Here, in the new life, we were always in touch with a cosmopolitan set of people from all walks of life – not only from different parts of India, but from different parts of other nations, too. Our life also became busy with luncheon gatherings, tea and dinner parties.
We had been in Trichy, Chingleput and Saidapet for a period of two years where Babuji underwent administrative training. Life in these places was also different from the Delhi life, but it was nothing like life in this new place.
Talking of dinner parties, I have to tell you about our first get-together. On the very day Babuji took charge of his post, we were invited to a sit-down dinner hosted by the Rotary Club.
‘SIT –DOWN’ dinner! I was aghast!!
I was full of fear and apprehension. It was the first of its kind we were invited to. Though I knew how to use cutlery in an off-hand manner, at a sit-down dinner one had to use the correct spoon, fork and knife for each course. And I was very ignorant of these things.
To add to my confusion, Babuji was seated at another table, while I was seated at the centre table, at the head of which sat the Chief Commissioner – the head of the state. Thank God I did not show my fear or nervousness on my face. As soon as we were seated, I started a conversation with the lady sitting next to me. When the food started coming, one after another (and it was a five-course dinner), I waited till the lady next to me picked up her spoon and fork. I followed her example and the day was saved for me – the ordeal over.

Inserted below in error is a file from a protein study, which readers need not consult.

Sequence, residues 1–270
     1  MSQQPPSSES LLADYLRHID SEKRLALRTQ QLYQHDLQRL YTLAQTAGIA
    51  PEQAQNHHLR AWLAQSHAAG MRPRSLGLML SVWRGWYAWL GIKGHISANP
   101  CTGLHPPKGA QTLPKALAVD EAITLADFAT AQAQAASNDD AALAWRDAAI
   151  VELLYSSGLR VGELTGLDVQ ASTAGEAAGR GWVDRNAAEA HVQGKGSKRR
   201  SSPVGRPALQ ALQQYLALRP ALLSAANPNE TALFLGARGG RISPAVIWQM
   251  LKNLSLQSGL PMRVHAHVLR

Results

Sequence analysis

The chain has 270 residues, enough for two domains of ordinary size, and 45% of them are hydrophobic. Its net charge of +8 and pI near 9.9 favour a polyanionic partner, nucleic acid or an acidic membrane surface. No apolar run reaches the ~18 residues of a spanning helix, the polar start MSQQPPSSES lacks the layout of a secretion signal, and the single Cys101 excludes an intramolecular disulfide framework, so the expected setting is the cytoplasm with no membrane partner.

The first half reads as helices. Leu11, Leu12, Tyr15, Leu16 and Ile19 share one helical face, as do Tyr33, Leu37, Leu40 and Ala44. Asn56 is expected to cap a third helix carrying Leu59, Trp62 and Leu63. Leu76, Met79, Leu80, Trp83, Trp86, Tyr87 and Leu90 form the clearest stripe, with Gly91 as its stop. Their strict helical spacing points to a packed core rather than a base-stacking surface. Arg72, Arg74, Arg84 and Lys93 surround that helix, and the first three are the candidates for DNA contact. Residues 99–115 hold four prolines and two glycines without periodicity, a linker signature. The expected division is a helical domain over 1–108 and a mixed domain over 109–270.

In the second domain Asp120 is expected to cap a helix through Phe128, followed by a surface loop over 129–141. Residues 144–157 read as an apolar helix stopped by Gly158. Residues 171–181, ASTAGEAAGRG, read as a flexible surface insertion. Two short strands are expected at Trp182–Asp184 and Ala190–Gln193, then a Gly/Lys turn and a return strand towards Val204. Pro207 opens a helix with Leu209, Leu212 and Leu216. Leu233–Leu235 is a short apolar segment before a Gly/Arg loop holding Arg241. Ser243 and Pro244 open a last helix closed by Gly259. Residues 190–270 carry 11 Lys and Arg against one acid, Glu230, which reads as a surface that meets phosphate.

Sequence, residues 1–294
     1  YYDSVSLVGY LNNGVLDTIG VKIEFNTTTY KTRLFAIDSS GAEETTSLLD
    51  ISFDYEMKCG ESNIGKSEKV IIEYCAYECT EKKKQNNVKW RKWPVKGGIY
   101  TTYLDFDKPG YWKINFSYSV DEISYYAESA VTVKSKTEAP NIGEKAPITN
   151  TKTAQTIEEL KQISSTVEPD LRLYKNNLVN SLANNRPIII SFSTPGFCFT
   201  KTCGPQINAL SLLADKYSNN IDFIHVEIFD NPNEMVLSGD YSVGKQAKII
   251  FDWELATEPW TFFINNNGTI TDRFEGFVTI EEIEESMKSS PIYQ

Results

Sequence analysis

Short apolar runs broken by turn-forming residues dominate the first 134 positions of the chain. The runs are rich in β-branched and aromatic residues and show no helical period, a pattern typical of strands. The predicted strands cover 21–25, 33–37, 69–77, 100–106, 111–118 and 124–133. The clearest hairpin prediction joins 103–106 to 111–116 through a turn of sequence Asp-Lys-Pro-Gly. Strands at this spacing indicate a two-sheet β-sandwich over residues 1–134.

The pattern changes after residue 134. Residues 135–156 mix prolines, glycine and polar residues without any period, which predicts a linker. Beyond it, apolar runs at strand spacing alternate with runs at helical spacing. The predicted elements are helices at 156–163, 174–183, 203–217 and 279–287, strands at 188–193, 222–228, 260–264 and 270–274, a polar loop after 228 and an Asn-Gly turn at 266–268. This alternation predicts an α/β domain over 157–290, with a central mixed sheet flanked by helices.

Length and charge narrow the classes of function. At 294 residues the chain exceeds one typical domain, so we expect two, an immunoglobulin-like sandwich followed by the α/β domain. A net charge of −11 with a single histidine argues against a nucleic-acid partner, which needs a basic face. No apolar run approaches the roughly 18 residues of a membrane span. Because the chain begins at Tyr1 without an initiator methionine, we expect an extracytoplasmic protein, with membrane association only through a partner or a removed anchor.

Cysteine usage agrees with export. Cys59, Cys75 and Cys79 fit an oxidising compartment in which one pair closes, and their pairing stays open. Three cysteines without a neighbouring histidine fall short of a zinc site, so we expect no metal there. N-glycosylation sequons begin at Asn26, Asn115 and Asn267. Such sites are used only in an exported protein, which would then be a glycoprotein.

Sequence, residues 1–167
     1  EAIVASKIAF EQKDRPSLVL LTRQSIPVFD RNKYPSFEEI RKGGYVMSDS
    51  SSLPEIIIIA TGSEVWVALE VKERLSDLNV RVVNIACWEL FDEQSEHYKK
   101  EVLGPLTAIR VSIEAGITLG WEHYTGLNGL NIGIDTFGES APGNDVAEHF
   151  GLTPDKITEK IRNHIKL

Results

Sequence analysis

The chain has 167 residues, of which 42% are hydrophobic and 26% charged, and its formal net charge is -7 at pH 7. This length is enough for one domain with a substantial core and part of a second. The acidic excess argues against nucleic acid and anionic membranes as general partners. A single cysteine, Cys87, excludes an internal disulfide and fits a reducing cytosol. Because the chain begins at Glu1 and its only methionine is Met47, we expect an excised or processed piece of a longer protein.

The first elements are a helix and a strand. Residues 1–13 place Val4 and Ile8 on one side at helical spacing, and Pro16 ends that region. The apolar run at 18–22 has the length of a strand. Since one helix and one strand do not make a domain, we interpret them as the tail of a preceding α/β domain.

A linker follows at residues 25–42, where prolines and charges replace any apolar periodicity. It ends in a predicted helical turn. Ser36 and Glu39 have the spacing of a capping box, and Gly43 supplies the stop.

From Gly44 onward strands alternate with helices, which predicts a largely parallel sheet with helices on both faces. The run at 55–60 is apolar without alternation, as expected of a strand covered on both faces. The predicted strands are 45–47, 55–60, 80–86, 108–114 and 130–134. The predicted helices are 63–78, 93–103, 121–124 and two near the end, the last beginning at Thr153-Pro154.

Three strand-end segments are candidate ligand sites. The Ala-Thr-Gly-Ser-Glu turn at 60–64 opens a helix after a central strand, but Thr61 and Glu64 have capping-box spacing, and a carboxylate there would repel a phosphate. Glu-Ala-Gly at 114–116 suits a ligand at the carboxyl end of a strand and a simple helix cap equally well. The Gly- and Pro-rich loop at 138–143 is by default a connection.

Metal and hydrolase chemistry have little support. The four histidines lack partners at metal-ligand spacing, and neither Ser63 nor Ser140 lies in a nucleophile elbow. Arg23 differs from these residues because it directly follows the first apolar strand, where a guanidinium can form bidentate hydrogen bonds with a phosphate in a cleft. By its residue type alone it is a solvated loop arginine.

Later in life, more than three decades after, Gowri and Mohan, with Parvati, took me out to lunch at a famous restaurant. I was amazed at the way Parvati, a three year old kid, handled the food with her knife, fork and spoon so deftly. Thanks to the tea garden culture where she was growing up.